Cooking is dead, and our souls are malnourished. We have been severed from the systems that nourish our bodies and souls. Not only does this negatively impact our health, but also our relationship with nature, our communities, and our families. Devotional cooking is the process of realigning your cooking methods to those that nourish the body and soul.

Modernity Killed Devotional Cooking

A culture of convenience convinced us to trade deep communion for processed foods, outsourced cooking, and time-saving gadgets. While we spend less time cooking than ever before, our bodies, minds, and souls have paid the price. The death of devotional cooking has robbed us of the ability to connect with the foods we take into our bodies. This translates to little understanding of what food even is, let alone how to nourish ourselves.

It isn’t just the individual who has lost knowledge of and connection with cooking. We are several generations into this culture. Our grandparents and great-grandparents turned their backs on natural ingredients, traditional cooking methods, self-sufficiency, and their backyard gardens. They traded the natural world for the modern world, and much of the knowledge they had has been lost with them. If you look at your family’s most cherished recipes, chances are you will find a proliferation of processed foods, repackaged and repurposed in some form of Frankenstein midwifery. Because so much has been lost, many people no longer even know the basics of cooking, making it difficult to break free of the chemical cocktail that is modern food.

What is Devotional Cooking?

Devotional cooking is the process of reclaiming connection to nature, self, and others through mindful and traditional cooking methods. It takes work to transform the toxic modern kitchen into a healthy hearth, but the rewards are a life of nourishment, joy, and healing. The devotional cooking journey includes learning devotional cooking techniques, intuitive cooking methods, and nourishing recipes along with whatever else calls to your soul. The three principles of devotional cooking are time, attention to detail, and communion.

Devotional cooking is slow.

Modern cooking is all about convenience. We buy pre-cooked foods and warm them up, never knowing what is in them. We buy pre-chopped ingredients and use them, never wondering what has been sprayed on them to keep them fresh. We use time-saving gadgets to minimize the effort we expend, never realizing we are undermining our own ability to cook intuitively. These things save us time, but they rob us of the opportunity to connect with our food.

Next time you are cooking, slow down. Buy whole ingredients and break them down yourself. Pay attention to the sights, sounds, scents, and tastes of your fresh ingredients. Feast with all of your senses while you cook, and you will be surprised how much you learn in the process. We were designed to be in communion with foods in nature, and when we allow our brains to connect with ingredients, there is a lot of information we just know intuitively if we can get past our own conditioning. Stop rushing the process of cooking and learn to cook by feel.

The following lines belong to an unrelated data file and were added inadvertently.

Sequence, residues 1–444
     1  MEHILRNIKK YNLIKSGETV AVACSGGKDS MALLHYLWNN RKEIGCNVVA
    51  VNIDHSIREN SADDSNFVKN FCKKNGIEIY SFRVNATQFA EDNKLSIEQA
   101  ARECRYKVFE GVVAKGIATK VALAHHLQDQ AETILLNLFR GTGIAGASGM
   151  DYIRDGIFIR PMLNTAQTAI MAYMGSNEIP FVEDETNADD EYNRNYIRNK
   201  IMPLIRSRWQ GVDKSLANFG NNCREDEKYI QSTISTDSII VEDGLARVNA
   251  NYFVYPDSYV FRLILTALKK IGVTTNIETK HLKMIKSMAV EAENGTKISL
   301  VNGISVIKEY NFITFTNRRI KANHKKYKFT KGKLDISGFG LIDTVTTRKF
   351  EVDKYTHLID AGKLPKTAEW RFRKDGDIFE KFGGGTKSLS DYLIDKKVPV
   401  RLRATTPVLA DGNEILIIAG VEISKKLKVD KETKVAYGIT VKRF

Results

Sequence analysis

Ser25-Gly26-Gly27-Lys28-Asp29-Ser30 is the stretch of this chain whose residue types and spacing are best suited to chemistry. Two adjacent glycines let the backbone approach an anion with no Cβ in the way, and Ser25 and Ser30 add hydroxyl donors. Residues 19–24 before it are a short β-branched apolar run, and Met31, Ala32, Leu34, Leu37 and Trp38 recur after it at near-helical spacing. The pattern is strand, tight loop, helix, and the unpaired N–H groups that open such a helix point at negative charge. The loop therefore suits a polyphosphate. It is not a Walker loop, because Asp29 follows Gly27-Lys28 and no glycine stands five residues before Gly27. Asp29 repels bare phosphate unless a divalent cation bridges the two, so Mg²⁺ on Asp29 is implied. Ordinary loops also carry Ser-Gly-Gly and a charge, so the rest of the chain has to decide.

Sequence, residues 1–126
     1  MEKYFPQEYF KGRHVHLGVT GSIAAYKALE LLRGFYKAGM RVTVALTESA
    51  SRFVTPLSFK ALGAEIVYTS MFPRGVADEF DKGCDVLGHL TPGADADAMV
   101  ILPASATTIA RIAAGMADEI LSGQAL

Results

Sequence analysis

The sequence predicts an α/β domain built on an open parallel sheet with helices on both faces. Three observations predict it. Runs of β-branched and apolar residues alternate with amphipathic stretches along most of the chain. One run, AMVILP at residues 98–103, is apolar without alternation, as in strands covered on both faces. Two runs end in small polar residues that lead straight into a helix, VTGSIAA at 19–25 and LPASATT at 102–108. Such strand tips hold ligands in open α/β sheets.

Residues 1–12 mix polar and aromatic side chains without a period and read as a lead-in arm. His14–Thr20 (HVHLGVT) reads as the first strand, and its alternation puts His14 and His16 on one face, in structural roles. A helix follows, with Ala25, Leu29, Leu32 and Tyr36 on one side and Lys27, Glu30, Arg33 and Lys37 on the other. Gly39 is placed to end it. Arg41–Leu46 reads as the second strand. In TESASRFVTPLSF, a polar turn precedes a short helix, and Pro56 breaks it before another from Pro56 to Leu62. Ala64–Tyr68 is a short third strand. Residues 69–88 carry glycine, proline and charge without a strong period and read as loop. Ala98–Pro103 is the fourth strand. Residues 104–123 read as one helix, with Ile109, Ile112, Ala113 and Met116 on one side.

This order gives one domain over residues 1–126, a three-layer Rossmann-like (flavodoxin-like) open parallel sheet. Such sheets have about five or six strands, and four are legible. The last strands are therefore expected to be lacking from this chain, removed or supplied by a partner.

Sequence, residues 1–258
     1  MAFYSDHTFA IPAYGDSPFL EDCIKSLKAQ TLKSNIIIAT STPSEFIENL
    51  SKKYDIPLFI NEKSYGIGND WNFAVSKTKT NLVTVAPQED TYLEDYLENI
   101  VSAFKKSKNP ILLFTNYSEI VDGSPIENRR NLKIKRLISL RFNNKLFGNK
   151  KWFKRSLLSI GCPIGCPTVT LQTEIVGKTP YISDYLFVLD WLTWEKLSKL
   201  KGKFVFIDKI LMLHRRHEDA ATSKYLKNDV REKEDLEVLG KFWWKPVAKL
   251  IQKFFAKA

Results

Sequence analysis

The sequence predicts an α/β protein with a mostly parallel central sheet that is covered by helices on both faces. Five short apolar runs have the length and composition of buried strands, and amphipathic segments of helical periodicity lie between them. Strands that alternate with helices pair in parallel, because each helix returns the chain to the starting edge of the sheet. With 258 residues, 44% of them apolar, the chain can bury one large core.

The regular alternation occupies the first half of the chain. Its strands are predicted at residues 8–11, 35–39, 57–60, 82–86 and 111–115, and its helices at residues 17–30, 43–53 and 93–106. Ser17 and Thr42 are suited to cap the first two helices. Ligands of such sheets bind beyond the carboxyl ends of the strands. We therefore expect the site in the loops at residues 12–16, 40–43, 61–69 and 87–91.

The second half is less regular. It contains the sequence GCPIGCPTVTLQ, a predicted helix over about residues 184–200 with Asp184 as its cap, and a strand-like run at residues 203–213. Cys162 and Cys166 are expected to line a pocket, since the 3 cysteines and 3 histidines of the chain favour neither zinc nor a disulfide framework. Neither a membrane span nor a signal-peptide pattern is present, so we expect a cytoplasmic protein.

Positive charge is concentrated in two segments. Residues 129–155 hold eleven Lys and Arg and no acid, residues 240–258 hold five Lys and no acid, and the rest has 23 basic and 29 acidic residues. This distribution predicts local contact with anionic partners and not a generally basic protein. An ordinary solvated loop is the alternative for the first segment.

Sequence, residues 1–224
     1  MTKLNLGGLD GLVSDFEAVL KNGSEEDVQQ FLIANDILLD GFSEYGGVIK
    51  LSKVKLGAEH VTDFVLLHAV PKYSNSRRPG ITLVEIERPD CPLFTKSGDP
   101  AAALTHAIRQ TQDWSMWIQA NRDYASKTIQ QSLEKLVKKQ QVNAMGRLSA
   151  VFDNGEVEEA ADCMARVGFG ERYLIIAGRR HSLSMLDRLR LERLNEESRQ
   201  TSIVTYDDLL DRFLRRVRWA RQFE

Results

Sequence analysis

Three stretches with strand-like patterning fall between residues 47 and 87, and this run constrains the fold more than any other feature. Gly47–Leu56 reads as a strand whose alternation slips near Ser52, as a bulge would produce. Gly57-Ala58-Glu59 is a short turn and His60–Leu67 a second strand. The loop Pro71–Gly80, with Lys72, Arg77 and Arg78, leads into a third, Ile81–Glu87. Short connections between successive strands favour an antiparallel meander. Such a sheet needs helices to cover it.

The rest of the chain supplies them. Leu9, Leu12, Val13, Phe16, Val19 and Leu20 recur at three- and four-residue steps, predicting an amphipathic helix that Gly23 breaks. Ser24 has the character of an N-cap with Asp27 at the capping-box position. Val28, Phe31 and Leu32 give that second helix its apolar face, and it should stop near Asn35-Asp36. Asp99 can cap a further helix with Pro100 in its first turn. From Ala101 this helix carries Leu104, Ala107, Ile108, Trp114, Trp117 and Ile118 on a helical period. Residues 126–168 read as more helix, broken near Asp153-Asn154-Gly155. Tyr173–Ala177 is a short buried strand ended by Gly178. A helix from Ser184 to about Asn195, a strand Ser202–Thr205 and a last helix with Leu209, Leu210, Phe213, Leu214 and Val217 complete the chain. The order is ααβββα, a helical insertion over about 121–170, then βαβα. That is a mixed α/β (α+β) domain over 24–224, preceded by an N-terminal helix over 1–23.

Devotional cooking is a process.

Modern cooking is a means to an end. We do as little as we can to get food on the table. 30-minute meals and other quick dinners are a mad dash to the finish line and encourage you to combine cooking steps and simplify cooking processes. Sure, you save time, but you lose so much flavor. One-pot meals are fast because you can throw everything together in one go, but foods don’t all cook at the same pace.

Everyday meals can be significantly elevated if you take the time to break apart the steps and do each one to the fullest extent possible. Caramelizing onions is just one example of a step that is often neglected and can make cooking more of a process. It doesn’t matter what you are cooking, if you take the time to caramelize your onions before you complete the rest of your steps, the dish will be unrecognizable. By expanding your cooking process, you can significantly improve the flavor of basic natural ingredients. Food that is cooked with devotion just tastes better.

We rarely enjoy going out to eat these days, because I can make things better at home. Why? Because I take the time to break down my cooking into steps and processes that honor ingredients and the finished product.

Devotional cooking is communion.

Modern cooking focuses on feeding the stomach; devotional cooking focuses on feeding the soul. Approach cooking with a devotional mindset. See it as the time in your day when you get to commune with nature, yourself, your ancestors, your community, and the people you love. You commune with nature by interacting with natural ingredients, foraging, gardening, and eating in season. You commune with yourself by being embodied in the process, letting your senses come alive with the human art of sustenance. You commune with your ancestors by cooking as they did, honoring and restoring lost traditions. You honor your community by buying local when you can, seeking out farmers, butchers, and neighbors with produce stands. And of course, you commune with the people you love by sharing your devoted efforts with them. Devotional cooking is the best way to show the people you love just how much you care. When you imbue your cooking with love, it truly can be tasted.